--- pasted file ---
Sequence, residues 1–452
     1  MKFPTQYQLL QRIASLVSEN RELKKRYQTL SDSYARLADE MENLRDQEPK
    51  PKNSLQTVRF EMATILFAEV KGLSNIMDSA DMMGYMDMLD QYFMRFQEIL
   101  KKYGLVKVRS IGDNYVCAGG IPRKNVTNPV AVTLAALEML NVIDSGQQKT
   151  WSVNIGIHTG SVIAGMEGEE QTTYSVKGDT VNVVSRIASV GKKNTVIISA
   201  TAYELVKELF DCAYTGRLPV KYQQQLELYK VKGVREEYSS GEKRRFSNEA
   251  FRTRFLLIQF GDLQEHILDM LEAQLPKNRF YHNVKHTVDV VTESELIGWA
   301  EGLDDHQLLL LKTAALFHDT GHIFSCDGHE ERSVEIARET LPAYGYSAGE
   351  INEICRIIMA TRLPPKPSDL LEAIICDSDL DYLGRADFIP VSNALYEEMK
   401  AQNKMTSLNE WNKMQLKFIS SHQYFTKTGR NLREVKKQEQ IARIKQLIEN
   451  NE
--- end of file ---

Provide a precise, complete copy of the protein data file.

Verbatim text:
Sequence, residues 1–452
     1  MKFPTQYQLL QRIASLVSEN RELKKRYQTL SDSYARLADE MENLRDQEPK
    51  PKNSLQTVRF EMATILFAEV KGLSNIMDSA DMMGYMDMLD QYFMRFQEIL
   101  KKYGLVKVRS IGDNYVCAGG IPRKNVTNPV AVTLAALEML NVIDSGQQKT
   151  WSVNIGIHTG SVIAGMEGEE QTTYSVKGDT VNVVSRIASV GKKNTVIISA
   201  TAYELVKELF DCAYTGRLPV KYQQQLELYK VKGVREEYSS GEKRRFSNEA
   251  FRTRFLLIQF GDLQEHILDM LEAQLPKNRF YHNVKHTVDV VTESELIGWA
   301  EGLDDHQLLL LKTAALFHDT GHIFSCDGHE ERSVEIARET LPAYGYSAGE
   351  INEICRIIMA TRLPPKPSDL LEAIICDSDL DYLGRADFIP VSNALYEEMK
   401  AQNKMTSLNE WNKMQLKFIS SHQYFTKTGR NLREVKKQEQ IARIKQLIEN
   451  NE